Tiger Woods redux

Confession: I’ve been actively avoiding all this Tiger Woods talk or trying to at least. As a professional communicator and PR critic, it’s almost irresponsible for me to dodge this one. It’s not stractical. But there’s just something about intently following someone’s marital/extra-marital life, even if its one of the most celebrated superstars on the planet, that gives me the willies. The badvibes. The shivers down my spine. And while we don’t pass judgment on anything but the communications out here in Stractiville, I thought I should provide some context that leads into this:

I didn’t watch the 24 hour CNN coverage of a camera aimed at Tiger’s front door. I didn’t listen to the tawdry voicemail messages. I don’t know the names and back stories of his alleged mistresses. But I know a story broke. And I know I didn’t think much of it. But then this radio silence kept amplifying this minor traffic accident until there was no other possible explanation for the events besides a domestic disturbance. In a way, Tiger baited the media and set his own trap, not for employing a terrible crisis strategy, but by attempting multiple half-assed strategies: Keep silent, but make a statement. Express sullen remorse but lash out at the unscrupulous media attention. Speak of vague “transgressions” as a parade of mistress names roll across the news ticker. And I know there are more but these are just the few bleeding through the margins to someone actively avoiding this one. The PR strangeness is just too strong, it won’t let me escape.

I’ve read constructive PR and social media critiques here and here. The comparisons to the David Letterman strategy are particularly apt though Dave had two things going for him that Tiger lack: a sense of humour for the softening touch of self-deprecation and an hour a night on network television to fill.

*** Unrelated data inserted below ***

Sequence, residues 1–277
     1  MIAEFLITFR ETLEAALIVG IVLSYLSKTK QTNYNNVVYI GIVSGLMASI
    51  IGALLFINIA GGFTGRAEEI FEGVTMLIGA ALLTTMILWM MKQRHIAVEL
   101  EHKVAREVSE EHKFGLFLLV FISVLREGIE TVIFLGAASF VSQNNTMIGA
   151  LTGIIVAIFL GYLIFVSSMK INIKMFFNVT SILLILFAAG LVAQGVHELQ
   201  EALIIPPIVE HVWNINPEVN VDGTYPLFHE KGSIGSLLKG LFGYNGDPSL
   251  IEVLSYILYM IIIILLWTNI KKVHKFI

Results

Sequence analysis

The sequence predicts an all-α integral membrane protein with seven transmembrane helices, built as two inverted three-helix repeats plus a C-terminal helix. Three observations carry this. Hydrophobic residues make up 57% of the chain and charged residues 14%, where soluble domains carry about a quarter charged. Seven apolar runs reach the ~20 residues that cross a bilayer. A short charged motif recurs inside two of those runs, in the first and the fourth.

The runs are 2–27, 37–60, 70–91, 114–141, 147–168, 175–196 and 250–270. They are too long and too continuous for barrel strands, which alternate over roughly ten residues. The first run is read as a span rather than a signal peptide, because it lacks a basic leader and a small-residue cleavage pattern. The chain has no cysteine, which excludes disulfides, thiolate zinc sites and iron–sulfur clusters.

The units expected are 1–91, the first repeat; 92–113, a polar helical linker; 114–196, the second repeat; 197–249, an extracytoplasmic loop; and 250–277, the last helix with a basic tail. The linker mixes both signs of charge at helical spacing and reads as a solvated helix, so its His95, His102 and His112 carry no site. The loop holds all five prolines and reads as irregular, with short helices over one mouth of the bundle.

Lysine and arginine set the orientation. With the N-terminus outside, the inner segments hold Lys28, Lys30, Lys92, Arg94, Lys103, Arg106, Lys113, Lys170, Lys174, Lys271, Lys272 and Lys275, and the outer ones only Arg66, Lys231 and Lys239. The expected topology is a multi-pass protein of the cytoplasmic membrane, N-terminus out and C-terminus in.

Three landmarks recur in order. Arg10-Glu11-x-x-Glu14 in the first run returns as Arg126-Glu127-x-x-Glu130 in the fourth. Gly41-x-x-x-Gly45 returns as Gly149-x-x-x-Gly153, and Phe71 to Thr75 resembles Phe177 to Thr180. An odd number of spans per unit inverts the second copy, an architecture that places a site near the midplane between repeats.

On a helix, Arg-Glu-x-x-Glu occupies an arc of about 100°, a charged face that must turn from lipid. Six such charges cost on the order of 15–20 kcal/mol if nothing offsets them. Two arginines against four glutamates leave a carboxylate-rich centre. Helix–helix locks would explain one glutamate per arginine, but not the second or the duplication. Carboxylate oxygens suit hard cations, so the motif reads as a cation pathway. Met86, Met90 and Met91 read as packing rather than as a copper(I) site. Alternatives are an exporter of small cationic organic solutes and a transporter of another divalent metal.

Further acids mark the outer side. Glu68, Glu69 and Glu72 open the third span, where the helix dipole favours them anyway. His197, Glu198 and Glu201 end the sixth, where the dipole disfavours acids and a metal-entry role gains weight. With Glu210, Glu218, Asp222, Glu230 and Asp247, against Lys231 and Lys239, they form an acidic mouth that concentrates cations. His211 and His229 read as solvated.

I’m struggling to offer Tiger advice so I’ll be portentously reductionist:

Be stractical. That means giving the GOST treatment both short and long term. Ask the questions: What is my essential to my personal brand? Or more generally, what do I need? To continue to play professional golf at a high level? To sign and carry out endorsement deals? To keep my family together? Adoration from millions? — A multi-national corporation would rally around its raison d’etre in a crisis and so should you.

While this epic is far from over, we’ll prematurely award -65 stractical points to Team Tiger Woods and note the irony that the low score in golf wins.

And now, if you’ll excuse me.  I’ll get back to changing the channel.

Tiger in the rough



  1. I liked your thoughts. I drafted a few of my own on my blog: http://cjonesworld.wordpress.com/

  2. This is a really great blog post. I think you’re right. He needs to sit down and reevaluate his personal brand. He has positioned himself as a clean-cut athlete and has pushed to keep this image – ie. lawsuits. What I feel he’s not grasping is that he can’t hold on to that image anymore. It’s evident there were extra marital affairs, and he’s not the ‘family guy’ he’s claimed to be. The public is very forgiving, as long as you don’t treat them like a bunch of idiots. Trying to plot, bribe and offer money to those involved will not make your image better, nor will it help Tiger’s clean-cut image. He needs to sit down and come clean with the public. Be open. Be honest. Be real. Tiger is an amazing athlete and if she just handles this crisis correctly, it will be nothing but a blurp in his past. But it won’t go away by paying people off or hoping it will past… it will just keep the public talking more. And he will never be able to hold on to his original clean-cut brand.

    Personally, I feel he needs to rebrand himself and stop trying to be so private. Athletes need to engage their audience and let their personality out. This is the perfect opportunity.

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